Cercocarpus ledifolius var. intermontanus
Brittonia 39: 424, figs. 1A – D. 1987.
Shrubs or trees, 20–70(–85) dm. Stems: long-shoot internodes 13–22 mm, sparsely sericeous-villous; short shoots 2–55 × 1.8–3.4 mm. Leaves: petiole (1.5–)2.5–6 mm; blade lanceolate to lance-elliptic or (when shorter) elliptic-ovate, (10–)16–30(–40) × (2.8–)5–9(–11) mm, margins revolute (leaving much of abaxial surface exposed), abaxial surface sericeous or closely villous (hairs not obscuring surface), glabrescent, adaxial sericeous or sparsely villous or hairs tightly coiled and/or 1/2 coiled, glabrescent. Flowers 4–10 per short shoot; hypanthial tubes strongly sericeous or villous; sepals 2–2.5 mm. Achenes 6.5–10.5 × 1.3–1.5 mm; fruit awns 5–7(–8.5) cm, proximal setae 2.2–3.5 mm.
Phenology: Flowering May–Jun.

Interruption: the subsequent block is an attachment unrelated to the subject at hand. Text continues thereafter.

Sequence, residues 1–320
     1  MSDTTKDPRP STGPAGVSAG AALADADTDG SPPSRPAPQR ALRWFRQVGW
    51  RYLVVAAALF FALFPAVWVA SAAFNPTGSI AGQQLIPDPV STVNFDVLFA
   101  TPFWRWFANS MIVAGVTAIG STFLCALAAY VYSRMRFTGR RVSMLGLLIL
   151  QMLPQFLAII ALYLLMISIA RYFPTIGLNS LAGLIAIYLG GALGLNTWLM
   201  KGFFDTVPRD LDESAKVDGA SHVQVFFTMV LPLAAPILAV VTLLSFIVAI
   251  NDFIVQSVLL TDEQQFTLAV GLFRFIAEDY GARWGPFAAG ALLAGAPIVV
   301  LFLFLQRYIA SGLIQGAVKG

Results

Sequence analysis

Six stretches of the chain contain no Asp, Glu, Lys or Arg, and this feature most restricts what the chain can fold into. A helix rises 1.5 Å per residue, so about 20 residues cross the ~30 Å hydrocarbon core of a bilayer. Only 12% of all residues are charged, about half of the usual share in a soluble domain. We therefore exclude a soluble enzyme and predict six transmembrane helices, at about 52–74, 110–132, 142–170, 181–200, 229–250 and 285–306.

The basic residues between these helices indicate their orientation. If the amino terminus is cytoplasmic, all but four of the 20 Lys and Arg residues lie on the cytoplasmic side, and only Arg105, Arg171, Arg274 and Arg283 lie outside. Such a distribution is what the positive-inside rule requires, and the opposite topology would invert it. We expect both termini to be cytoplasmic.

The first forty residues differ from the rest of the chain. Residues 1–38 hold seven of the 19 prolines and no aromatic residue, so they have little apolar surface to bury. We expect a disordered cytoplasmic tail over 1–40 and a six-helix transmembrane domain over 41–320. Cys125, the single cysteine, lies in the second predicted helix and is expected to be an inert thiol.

Habitat: Rocky dry, often south- to west-facing slopes, canyons, with Artemisia tridentata, Purshia tridentata, Gambel oak, maple, juniper, pinyon, ponderosa pine, lodgepole pine, Douglas fir and white fir, subalpine zones, often forming pure stands
Elevation: (500–)1300–3300 m
Ariz., Calif., Colo., Idaho, Nev., Oreg., Utah, Wash., Wyo., Mexico (Baja California).
Variety intermontanus is sympatric with var. ledifolius in southern Idaho, southwestern to eastern Oregon, southeastern Washington, and western Wyoming, and with var. intricatus in northeastern Arizona, eastern California, Nevada, and Utah.
Leaves in individual specimens of var. intermontanus vary in size, with long-shoot leaves largest and the first-formed short-shoot leaves of a season more oblong-ovate and often smaller. Heartwood is hard, very dark, and valued for specialty items. Variety intermontanus has long been known as Cercocarpus ledifolius, or var. ledifolius; its type specimen is convarietal with types of var. intercedens.